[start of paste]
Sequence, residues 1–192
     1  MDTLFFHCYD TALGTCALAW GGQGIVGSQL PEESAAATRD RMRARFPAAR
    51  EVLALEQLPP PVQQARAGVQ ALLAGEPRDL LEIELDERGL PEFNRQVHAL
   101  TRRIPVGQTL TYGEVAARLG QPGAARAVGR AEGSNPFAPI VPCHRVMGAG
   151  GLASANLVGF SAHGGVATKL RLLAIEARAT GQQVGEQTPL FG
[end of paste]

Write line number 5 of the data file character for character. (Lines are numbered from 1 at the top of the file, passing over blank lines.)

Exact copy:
   151  GLASANLVGF SAHGGVATKL RLLAIEARAT GQQVGEQTPL FG